An innovative aerial public transport system is being proposed in Mexico City as a way to help reduce traffic congestion and increase personal mobility. TUEP (Transporte Urbano Elevado Personalizado), a Mexican start-up, is being supported by the Federal District’s Secretariat for Science, Technology and Innovation (Seciti) and has manufacturing support from vehicle manufacturer DINA.
TUEP says that its system of aerial cabins offers more flexibility than cable cars and will save energy costs and take some vehicles off the roads, reducing emissions. It proposes a series of routes, each 5 to 10 kilometers long, linking densely populated residential areas to the city’s existing Metro and Metrobús networks.
The proposed system is fully automated. The aerial cabins, each seating two adults or an adult with two children, travel along a steel cable and can be diverted on and off the main route into a series of “docking stations” for passengers to alight or disembark. Each cabin is individually controlled by its passengers who select their destination using push button controls. This 2-minute Spanish-language Youtube news clip shows how the system works:
Each 5-kilometer stretch would be able to transport up to 5,700 passengers an hour at full capacity, at an average velocity of 4 m/s (14.4 km/hr). Cabins would travel about 10 meters (30 feet) apart, which should mean short wait times for passengers, who would pay about 6 pesos (less than 50 cents US) per trip.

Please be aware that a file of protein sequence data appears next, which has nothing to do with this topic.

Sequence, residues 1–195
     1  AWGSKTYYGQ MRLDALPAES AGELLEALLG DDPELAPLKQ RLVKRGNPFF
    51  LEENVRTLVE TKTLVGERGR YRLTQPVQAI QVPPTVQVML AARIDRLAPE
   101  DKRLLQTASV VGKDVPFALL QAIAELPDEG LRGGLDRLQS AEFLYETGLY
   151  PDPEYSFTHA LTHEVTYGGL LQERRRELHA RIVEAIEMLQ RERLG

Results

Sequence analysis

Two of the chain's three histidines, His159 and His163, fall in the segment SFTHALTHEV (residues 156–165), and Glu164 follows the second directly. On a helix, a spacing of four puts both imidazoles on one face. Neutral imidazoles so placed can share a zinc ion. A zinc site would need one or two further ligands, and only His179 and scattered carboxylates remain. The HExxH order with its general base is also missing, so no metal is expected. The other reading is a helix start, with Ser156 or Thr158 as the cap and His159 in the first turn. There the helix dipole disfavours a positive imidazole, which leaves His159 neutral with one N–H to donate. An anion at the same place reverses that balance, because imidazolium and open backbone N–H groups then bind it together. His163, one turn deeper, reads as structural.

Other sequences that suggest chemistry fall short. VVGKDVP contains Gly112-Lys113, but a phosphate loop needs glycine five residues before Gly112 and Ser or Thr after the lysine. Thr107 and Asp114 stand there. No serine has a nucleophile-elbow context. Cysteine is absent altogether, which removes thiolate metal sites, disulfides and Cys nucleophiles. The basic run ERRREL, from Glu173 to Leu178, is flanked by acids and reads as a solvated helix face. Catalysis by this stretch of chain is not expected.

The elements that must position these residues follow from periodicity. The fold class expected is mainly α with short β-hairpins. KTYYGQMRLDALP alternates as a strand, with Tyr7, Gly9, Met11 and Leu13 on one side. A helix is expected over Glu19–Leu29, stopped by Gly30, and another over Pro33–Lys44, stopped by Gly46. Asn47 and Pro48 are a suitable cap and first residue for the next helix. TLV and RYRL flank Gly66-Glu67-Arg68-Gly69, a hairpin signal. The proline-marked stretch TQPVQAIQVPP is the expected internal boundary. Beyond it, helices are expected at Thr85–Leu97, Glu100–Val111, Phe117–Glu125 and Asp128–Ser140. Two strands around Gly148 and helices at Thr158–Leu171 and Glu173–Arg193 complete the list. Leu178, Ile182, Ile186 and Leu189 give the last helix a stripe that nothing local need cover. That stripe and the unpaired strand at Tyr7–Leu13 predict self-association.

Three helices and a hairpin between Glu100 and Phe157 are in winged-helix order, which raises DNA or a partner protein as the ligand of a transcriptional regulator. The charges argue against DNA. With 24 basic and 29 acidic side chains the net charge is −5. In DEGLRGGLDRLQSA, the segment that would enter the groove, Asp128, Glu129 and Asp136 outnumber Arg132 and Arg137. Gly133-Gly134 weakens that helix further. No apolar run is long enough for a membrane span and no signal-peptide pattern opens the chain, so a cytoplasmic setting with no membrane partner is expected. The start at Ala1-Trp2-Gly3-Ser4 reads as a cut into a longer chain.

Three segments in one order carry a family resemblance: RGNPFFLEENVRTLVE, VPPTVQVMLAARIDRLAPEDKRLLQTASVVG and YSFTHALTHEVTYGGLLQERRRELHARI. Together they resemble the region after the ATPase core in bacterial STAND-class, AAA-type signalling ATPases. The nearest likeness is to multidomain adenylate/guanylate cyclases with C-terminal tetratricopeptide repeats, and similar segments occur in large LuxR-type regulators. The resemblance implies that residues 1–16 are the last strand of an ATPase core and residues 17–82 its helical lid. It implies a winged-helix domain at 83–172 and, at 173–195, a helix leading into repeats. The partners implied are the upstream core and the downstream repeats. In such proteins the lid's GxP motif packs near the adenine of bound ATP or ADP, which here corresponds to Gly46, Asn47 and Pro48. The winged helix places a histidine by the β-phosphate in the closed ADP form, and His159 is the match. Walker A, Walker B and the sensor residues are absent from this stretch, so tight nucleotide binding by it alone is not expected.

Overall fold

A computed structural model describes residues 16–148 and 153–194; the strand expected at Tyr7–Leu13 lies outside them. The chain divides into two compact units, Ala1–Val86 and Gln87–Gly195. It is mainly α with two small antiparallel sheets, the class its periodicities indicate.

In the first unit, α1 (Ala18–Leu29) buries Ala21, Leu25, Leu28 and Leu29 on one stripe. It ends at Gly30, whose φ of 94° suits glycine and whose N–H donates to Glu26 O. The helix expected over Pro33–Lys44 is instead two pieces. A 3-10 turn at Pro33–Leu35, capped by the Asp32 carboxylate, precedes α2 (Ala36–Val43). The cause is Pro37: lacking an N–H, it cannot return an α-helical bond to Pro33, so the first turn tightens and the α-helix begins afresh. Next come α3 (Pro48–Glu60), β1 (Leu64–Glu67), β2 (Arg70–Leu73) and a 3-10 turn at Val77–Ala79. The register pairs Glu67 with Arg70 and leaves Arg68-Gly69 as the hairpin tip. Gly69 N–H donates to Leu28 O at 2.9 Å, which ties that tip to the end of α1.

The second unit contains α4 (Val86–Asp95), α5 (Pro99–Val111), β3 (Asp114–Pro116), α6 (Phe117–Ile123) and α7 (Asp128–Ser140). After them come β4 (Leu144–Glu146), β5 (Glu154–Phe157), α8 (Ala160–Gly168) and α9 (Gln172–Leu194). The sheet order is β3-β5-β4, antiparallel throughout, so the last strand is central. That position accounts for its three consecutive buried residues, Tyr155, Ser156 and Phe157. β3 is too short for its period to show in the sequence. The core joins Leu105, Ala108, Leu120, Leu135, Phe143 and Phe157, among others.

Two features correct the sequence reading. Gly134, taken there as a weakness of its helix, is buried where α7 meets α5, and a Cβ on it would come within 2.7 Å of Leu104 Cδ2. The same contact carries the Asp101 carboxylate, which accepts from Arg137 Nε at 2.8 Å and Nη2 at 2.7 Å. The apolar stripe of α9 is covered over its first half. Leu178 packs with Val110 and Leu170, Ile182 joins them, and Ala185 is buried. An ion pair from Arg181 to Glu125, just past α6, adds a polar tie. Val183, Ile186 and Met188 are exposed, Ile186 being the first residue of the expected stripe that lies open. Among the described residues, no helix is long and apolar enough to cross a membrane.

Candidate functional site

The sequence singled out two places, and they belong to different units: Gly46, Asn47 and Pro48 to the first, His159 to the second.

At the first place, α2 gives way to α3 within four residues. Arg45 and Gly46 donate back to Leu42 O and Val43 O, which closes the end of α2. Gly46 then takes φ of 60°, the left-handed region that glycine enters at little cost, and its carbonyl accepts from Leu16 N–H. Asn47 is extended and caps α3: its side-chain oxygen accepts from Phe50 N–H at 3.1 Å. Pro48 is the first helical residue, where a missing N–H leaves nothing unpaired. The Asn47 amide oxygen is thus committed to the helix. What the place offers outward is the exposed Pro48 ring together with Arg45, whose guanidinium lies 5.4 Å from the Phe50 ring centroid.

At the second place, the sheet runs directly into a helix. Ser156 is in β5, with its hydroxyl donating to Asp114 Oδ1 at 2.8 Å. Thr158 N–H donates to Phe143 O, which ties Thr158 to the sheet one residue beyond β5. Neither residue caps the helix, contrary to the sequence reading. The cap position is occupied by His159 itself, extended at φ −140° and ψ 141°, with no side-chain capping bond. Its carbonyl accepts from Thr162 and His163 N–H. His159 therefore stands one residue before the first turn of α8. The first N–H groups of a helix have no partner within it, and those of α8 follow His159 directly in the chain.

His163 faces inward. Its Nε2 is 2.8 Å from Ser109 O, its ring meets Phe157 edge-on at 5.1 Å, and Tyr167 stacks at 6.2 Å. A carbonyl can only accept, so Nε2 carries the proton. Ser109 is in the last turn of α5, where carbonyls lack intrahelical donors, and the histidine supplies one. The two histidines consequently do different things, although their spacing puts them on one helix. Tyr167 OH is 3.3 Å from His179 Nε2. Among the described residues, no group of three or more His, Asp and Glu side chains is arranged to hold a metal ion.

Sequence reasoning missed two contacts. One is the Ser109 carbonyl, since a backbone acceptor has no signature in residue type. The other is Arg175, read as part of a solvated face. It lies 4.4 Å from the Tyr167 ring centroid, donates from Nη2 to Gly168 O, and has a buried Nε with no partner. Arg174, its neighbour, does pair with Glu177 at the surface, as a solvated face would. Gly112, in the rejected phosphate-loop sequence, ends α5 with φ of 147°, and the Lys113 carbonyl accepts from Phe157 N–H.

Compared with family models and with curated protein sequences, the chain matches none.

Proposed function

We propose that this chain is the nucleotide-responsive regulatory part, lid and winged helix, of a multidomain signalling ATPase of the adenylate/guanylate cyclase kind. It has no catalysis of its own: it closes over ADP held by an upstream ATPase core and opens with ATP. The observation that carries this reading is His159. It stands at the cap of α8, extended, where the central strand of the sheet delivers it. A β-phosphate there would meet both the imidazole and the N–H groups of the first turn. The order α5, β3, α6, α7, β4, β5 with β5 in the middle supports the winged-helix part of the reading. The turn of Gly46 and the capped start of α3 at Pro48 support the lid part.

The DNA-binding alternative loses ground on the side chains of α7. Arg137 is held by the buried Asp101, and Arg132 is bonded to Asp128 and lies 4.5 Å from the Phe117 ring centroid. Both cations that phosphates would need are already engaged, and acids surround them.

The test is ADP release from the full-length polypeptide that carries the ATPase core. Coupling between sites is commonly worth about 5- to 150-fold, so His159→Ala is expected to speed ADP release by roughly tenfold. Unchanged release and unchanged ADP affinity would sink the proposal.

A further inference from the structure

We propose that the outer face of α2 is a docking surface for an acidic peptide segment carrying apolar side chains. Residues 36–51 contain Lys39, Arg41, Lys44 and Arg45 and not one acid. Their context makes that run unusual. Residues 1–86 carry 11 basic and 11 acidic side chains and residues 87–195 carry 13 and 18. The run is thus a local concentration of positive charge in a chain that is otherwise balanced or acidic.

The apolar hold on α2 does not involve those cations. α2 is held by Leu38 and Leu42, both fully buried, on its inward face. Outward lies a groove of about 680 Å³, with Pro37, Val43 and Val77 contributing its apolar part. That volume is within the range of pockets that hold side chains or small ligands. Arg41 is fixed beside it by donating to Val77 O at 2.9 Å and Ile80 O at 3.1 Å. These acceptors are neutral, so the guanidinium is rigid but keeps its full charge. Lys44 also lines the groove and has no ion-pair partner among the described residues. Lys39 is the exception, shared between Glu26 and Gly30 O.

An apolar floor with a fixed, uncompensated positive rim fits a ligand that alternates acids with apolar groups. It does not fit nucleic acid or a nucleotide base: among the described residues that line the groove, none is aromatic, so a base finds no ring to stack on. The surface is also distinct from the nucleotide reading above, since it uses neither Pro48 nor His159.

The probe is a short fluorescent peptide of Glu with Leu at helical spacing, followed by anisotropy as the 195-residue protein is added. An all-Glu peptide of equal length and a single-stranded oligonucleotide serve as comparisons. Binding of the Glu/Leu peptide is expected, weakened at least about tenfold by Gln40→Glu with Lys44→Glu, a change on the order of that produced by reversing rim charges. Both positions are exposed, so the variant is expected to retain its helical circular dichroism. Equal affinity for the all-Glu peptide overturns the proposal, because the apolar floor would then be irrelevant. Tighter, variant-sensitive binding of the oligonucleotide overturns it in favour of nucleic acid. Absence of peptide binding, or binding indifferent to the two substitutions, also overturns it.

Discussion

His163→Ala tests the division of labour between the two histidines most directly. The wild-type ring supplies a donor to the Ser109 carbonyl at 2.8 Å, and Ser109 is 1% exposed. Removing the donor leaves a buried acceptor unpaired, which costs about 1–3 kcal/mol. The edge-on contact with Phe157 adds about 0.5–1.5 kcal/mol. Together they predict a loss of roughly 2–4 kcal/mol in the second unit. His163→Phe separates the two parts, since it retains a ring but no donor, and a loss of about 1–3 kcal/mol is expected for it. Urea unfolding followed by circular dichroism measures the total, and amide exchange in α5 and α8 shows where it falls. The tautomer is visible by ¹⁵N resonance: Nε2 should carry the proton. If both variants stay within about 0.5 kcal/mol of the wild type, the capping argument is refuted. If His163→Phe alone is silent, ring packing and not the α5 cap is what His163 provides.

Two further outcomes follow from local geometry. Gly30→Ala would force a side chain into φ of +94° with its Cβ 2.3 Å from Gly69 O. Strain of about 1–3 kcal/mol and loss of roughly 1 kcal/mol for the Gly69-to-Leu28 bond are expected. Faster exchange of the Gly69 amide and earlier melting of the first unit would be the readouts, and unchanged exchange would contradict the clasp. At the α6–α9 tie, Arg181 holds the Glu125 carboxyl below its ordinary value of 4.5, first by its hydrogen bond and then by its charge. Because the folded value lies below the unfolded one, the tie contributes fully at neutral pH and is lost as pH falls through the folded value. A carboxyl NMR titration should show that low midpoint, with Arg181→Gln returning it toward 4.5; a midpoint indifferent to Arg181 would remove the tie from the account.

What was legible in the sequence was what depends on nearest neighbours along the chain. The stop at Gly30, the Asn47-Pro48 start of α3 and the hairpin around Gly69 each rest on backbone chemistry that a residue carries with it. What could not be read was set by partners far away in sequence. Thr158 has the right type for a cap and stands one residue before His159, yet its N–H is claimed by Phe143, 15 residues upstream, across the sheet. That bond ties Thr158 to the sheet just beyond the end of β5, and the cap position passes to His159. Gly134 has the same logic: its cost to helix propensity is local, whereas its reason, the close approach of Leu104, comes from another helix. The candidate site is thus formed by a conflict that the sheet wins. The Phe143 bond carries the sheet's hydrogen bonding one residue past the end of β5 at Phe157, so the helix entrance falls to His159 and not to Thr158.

Constructing the system will require posts placed every 50 meters along the route, with docking stations every 1000 meters or so. The system is being designed to be installed along avenues that currently have a median divide, so that there is minimum disruption to alternative forms of transport. According to its proponents, building TUEP lines would be at least 40% cheaper than adding additional Metrobús routes and only a fraction of the cost of expanding the city’s Metro system.
More details and images of the proposed system are offered in this 4-minute silent video:
TUEP has suggested 18 routes that are worthy of feasibility studies, which include Marina Nacional, Río San Joaquín, Taxqueña-Miguel Ángel de Quevedo, Lázaro Cárdenas, Constituyentes-Santa Fe and Eje 10. If all the proposed routes were built, the TUEP network would have a total length of 135 kilometers, and would have the capacity to handle up to 37 million trips a year.